County Planning Commission rejects ExxonMobil’s proposal to truck oil to the Santa Barbara coast
In the final chapter of one of Santa Barbara County’s most controversial issues – ExxonMobil’s offer to haul trucks of crude oil from its Las Flores Canyon processing plant to a pumping station in Santa Maria and a terminal in Kern County as part of plans to restart three oil rigs off the central coast – the county planning commission rejected the project in an initial 3: 2 vote.
Commissioners Laura Bridley, John Parke and Vice-President Michael Cooney voted to reject it, with Commissioner Daniel Blough and President Larry Ferini opposed, which unexpectedly happened on the first day of two hearings scheduled for the September 29 and October 1; the second hearing was canceled and the issue is expected to return to the commission in November for a formal vote recommending that the supervisory board reject the project as well.
A coalition of at least 35 groups joined the project, including the Environmental Defense Center, the Center for Biological Diversity, the UCSB Environmental Affairs Board, and the Coastal Band of the Chumash Nation. The groups fear that Highway 166 is not ready to safely handle the 24,800 oil-filled truck trips per year that ExxonMobil offers to transport, and they oppose the reopening of three offshore platforms that have been dormant since the rupture and spill of Plains All American Pipeline 901. thousands of gallons of oil along the coast near Refugio State Beach in 2015.
The Planning Commission vote to deny the project comes after county energy planning staff recommended earlier this month that the commission approve it. County energy planners estimate it could be up to seven years before the corroded section of the pipeline can be replaced, and they and ExxonMobil concluded that trucking was the only viable option.
âOur community has spoken out loud and clear against this project, and the commission has done the right thing in recommending that ExxonMobil’s request to restart its offshore platforms and truck its oil be denied. dangerous and scenic county roads, âsaid Linda Krop, chief advisor for the Environmental Defense Center. âThe risk to our climate, the Santa Barbara Canal and the safety of our communities justifies denial. We look forward to working with the county on the transition to a clean energy future. “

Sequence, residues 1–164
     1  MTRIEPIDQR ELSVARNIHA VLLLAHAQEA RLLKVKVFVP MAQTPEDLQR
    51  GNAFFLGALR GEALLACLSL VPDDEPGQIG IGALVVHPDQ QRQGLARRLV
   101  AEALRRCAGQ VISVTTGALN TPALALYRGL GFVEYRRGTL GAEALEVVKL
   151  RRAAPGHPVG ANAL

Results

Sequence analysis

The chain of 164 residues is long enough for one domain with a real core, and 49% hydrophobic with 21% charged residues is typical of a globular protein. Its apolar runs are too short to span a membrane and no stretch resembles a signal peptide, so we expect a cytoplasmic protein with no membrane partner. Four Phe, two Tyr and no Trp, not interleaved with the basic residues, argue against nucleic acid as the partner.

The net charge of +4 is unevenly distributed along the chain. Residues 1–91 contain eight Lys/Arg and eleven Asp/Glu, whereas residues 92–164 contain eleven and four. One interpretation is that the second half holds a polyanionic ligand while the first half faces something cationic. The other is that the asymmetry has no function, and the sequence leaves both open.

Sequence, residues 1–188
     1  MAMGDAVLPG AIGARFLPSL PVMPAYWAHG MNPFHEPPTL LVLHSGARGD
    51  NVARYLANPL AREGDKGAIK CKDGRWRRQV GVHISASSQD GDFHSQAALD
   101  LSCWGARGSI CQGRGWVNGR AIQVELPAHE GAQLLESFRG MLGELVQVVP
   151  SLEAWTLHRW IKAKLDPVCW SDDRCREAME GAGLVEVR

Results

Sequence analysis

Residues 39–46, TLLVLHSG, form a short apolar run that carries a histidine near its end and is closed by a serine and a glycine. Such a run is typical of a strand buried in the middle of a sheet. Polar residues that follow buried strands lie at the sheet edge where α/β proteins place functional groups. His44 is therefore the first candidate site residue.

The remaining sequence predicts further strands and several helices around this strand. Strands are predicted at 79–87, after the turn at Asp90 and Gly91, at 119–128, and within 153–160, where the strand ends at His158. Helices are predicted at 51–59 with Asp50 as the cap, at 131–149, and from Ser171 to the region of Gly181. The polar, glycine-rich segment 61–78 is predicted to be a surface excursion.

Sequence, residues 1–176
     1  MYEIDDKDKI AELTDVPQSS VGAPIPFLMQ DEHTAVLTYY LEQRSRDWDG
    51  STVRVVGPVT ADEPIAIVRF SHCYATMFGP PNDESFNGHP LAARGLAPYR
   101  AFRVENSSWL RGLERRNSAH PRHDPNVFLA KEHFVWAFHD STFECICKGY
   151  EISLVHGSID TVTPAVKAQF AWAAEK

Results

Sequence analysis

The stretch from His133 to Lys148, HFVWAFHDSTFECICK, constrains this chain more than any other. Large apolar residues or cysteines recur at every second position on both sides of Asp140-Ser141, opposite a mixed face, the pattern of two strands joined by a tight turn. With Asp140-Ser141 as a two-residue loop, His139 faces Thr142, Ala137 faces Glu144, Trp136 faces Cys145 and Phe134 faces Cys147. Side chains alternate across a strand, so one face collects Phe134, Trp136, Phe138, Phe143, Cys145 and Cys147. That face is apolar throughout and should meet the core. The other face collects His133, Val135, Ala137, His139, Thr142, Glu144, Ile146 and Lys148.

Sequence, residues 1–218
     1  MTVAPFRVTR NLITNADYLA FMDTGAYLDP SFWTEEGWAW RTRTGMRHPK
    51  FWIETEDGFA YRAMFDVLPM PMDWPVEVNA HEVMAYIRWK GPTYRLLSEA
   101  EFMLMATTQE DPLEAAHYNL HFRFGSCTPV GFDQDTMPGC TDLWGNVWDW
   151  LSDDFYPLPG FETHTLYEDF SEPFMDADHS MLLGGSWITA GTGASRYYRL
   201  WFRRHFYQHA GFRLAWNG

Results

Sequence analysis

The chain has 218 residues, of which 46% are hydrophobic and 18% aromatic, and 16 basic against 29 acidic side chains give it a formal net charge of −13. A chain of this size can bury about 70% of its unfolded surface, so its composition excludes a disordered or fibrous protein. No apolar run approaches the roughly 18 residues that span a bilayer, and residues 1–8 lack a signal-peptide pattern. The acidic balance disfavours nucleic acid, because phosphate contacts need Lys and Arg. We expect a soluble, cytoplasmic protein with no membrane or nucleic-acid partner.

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The latest Supplemental Environmental Impact Report revealed several important red flags that would impact wildlife and the environment in the event of an oil spill from one of the tankers.
According to the California Highway Patrol, there were 258 trucking accidents along the route from 2015 to 2021, killing 10 and injuring 110. In another incident in March 2020, another tanker crashed into Route 166, spilling more than 4,500 gallons of oil into the Cuyama River.
These incidents, and the potential impacts of the reopening of three offshore drilling platforms, have been at the center of the concerns of groups opposed to the project. In a poll in November 2019, the coalition said in a letter to the commission, nearly three-quarters of county residents feared the project would create problems on the highway.
Commissioner Parke underlined the importance of not only communicating the result of the vote to the Supervisory Board, but also the specific conclusions which led to the recommendation to reject.
âThis is a communication from the Planning Commission to the Board of Directors,â Parke said. âI can’t go to the board and discuss what we’ve been up to. I want to make sure they get the message, and that’s why I want it in the conclusions.
At its November 3 meeting, the commission will consider new documents on the administrative and overarching concerns raised in the denial, and the case will be sent to supervisors with a recommendation to dismiss the project.
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